“A Really Rough Diamond”
(For one dollar and the making of a gift)
Chapter 5 (Continued)
“Scraping, Wrenching, Cleaning & Painting”
Over the course of the next week, I devoted every spare minute to working on the “A”. I removed the oil tube for the rocker arm assembly (although at the time I had no idea how it worked or what it did) and diligently plugged the holes to keep out any excess dirt. I removed, dumped and cleaned the air cleaner sump; off came the governor ventilation tube, the carburetor and the clean air tube.
I removed the wire clamps that held the rubber hoses on the upper and lower radiator tubes but I couldn’t get the hoses off. They were bulging in the middle, there were no signs of leakage and they were stuck tight to the tubes. I tried to get them loose with a screwdriver but it seemed to me that we would have to tear these hoses to get them off of the steel water pipes. Since I thought we would need these hoses to put the tractor back together, I decided to leave them for Dad to look at.
With the air cleaner assembly removed from the radiator, all the pieces that had been designated for removal were gone. I went to find Dad and tell him that, except for the hoses, the radiator was ready to come off. He told me to get a socket that fit the big cap screws, along with an extension and breaker bar and we’d get the radiator loose this evening.
I had the socket all ready when he got there. He looked at the work I’d done and the stuck hoses. Without missing a beat, he took out his pocket knife and proceeded to slice all three of the hoses down their length.
I said, “Won’t we need those when we put this back together?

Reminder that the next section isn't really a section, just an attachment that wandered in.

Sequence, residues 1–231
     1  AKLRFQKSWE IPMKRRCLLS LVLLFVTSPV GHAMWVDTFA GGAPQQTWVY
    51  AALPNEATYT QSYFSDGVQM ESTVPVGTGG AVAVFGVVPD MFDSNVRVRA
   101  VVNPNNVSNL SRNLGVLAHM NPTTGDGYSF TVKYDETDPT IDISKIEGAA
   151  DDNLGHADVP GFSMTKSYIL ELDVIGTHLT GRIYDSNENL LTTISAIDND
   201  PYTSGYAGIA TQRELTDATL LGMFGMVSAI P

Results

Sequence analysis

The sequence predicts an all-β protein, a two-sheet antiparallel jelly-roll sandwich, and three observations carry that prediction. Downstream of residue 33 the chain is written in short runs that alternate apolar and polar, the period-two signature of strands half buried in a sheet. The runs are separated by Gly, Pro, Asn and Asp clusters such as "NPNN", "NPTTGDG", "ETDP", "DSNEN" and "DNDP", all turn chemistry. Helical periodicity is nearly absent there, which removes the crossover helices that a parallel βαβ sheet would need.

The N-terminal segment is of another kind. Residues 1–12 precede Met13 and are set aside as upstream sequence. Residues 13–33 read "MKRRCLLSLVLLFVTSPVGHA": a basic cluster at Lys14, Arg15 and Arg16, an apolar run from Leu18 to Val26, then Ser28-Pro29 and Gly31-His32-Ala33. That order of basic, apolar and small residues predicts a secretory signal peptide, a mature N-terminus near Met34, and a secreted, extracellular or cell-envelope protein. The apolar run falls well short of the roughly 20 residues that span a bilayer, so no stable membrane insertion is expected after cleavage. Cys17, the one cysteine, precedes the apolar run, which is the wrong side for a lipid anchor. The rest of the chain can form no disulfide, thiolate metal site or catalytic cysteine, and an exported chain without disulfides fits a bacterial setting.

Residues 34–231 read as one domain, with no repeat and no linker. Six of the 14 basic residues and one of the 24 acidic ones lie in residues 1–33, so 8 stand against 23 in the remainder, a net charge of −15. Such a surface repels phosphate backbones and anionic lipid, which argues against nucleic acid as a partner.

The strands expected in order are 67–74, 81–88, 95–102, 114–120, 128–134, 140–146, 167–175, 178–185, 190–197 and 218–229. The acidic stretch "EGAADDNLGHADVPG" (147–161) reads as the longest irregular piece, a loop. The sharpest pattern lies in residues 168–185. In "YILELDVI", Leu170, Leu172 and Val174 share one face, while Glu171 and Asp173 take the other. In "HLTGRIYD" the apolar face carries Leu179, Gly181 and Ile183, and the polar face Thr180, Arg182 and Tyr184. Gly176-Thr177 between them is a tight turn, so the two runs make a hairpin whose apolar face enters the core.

He said, “We’ll need new hoses. These are shot”
Dad grabbed a screwdriver and in a few moments the hose problem was resolved and the lower radiator tube lay on the bench.
He took the socket wrench and tried the first cap screw. It was tight but it came loose. He took the first one out and oiled the threads and replaced it in the radiator then repeated the process on the second cap screw. As he finished he said, “We’ll leave it right there until Saturday morning, then we’ll take it to Keys”.
At that point it was time for something unexpected (at least it was unexpected by me).
Dad stood up, looked at the valve cover and told me to get him a box-end wrench that fit the nuts holding the valve cover in place. I brought three; sure that one would fit. He oiled the exposed threads (although everything in that area was pretty well covered with oil and dirt to start with) and started removing the nuts. As he did, he explained that the original nuts that held the valve cover were “Acorn” nuts. He said that we would try to get some new ones when we put things back together.
He used the screwdriver to gently pry the valve cover away from the head. He took the valve cover off, handed it to me and told me to lay it on the bench, open side up. As I did that, he took up the wrench again and proceeded to remove the nuts that held the rocker arm assembly in place. That assembly was quickly inspected and placed in the valve cover along with all of the nuts and washers.
It was now the push rods’ turn. As he removed them, one by one, he explained how important it was to keep them in the same order on the bench as they were in the engine so they could be returned to the engine in the same order when we put the head back on.